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Wang, C.; Shi, W.; Lv, H. The Existing Remote Sensing Index Resources. Encyclopedia. Available online: (accessed on 21 April 2024).
Wang C, Shi W, Lv H. The Existing Remote Sensing Index Resources. Encyclopedia. Available at: Accessed April 21, 2024.
Wang, Chenliang, Wenjiao Shi, Hongchen Lv. "The Existing Remote Sensing Index Resources" Encyclopedia, (accessed April 21, 2024).
Wang, C., Shi, W., & Lv, H. (2024, February 15). The Existing Remote Sensing Index Resources. In Encyclopedia.
Wang, Chenliang, et al. "The Existing Remote Sensing Index Resources." Encyclopedia. Web. 15 February, 2024.
The Existing Remote Sensing Index Resources

Remote sensing indices are widely used in various fields of geoscience research. However, there are limits to how effectively the knowledge of indices can be managed or analyzed. One of the main problems is the lack of ontology models and research on indices, which makes it difficult to acquire and update knowledge in this area. 

Remote sensing software remote sensing indices

1. Introduction

Remote sensing indices are used to characterize surface features or physical quantities. They are produced from mathematical operations on reflectance or radiance values in different spectral bands of remote sensing data. Remote sensing indices, such as vegetation indices [1], are applied in a wide range of fields, including forestry [2], soil [3][4], and water quality [5]. In recent years, there has been an increasing interest in developing remote sensing indices using multiple data sources and novel technologies [6][7][8][9].
Existing research recognizes the critical role of knowledge management and the utilization of models for scientific research [10]. However, much less is known about how to effectively manage and utilize indices [11]. Although some studies have developed indices repositories to integrate and manage indices, management of indices-related resources and knowledge remains insufficient. The major limitation of existing repositories is the lack of appropriate representation of indices.
Currently, emerging technologies, such as artificial intelligence, can assist scientists in managing and obtaining new knowledge from massive amounts of data and literature more effectively [12]. Knowledge graphs (KG) [13], a method for representing knowledge in terms of entities, attributes, and relationships, have gained increasing interest in recent years. In the field of remote sensing, KGs are primarily employed for extracting and organizing concepts from diverse and heterogeneous data sources [14], integrating and managing data resources [15], aiding tasks such as scene classification [16], and semantic segmentation [17] in remote sensing image interpretation [18]. By linking external heterogeneous information, KGs can also contribute to representation learning and ontology reasoning for crop identification [19], disaster prediction [20], oil spill detection [21], etc. To the best of our knowledge, however, there is no published KG for remote sensing indices. Existing KGs are unsatisfactory because they are not designed to represent remote sensing indices, and they are incapable of analyzing and managing the relationships and mathematical semantics among indices.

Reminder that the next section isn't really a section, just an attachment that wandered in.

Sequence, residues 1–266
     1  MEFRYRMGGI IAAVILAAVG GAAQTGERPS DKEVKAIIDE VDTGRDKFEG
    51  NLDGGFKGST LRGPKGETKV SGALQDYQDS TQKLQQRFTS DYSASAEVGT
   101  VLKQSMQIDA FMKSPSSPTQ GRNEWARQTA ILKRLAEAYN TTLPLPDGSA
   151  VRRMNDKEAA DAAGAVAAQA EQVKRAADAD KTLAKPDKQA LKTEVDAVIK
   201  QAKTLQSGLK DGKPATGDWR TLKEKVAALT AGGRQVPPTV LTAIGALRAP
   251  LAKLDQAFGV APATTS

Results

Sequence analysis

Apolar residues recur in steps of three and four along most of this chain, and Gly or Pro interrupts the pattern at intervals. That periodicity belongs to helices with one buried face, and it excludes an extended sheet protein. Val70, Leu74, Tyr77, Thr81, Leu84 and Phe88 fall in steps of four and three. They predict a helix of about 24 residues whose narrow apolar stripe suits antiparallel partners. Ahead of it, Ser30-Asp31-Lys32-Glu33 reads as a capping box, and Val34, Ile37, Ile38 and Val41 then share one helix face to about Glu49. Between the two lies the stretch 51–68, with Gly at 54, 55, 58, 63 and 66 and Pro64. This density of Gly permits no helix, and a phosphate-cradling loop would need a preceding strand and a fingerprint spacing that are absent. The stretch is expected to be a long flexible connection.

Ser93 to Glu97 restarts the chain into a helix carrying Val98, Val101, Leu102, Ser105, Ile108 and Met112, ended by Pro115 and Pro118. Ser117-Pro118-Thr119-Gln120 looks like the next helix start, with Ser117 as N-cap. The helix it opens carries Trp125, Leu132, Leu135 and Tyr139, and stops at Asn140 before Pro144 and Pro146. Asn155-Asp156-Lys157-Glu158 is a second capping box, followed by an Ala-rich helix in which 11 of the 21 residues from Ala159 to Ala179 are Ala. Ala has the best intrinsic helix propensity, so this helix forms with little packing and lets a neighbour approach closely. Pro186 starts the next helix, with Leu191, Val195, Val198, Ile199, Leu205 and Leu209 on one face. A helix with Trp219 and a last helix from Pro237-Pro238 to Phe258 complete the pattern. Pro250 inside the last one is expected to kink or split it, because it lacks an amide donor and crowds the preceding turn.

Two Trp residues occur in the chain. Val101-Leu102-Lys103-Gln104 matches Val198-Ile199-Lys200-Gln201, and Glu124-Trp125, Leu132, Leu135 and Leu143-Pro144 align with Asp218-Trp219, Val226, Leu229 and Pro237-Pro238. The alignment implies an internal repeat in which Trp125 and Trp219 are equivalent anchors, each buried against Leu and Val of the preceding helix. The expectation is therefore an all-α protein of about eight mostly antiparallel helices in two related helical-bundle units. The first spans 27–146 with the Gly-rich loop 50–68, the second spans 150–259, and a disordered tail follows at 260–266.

2. The Existing Remote Sensing Index Resources

To facilitate the selection and computation of remote sensing indices, various software tools and repositories offer abundant resources and functionalities (Table 1).
Table 1. A categorization for remote sensing indices resources.
Category Typical Resources Advantages Disadvantages in
Resources Management
Data products MODIS, Landsat, Sentinel, AVHRR, etc.
Data ready to use, no need for calculation
Various spatial and temporal scales
Resources fragmentation
Lack of standardization and reference information
Platform software ArcGIS Pro 3.2 [22], ENVI 5.7 [23], etc.
Built-in index functions
Integrated with various processing and analysis tools
Limited interoperability and expandability
Lack of index-related metadata
Cloud-based platform Google Earth Engine (GEE) [24]
Extensive related resources and a rich set of tools for index analysis
Computational capacity
Steep learning curve
Limited interoperability and expandability
Specific index calculation tools ARTMO [25],
ExtractEO [26],
Remote Sensing Indices Derivation Tool [27]
Easy to use
Designed specifically for calculating indices
Limited scope
Lack of integration
Limited standardization and documentation
Lack of index-related metadata
Index databases Index DataBase (IDB) [28]
Comprehensive collection of indices, includes information on sensor compatibility
Outdated information
Limited searchability
Lack of expandability
Standardized catalog of indices Awesome Spectral Indices (ASI) [11]
Machine-readable format, easy to update
Connection to related resources
Limited scope and searchability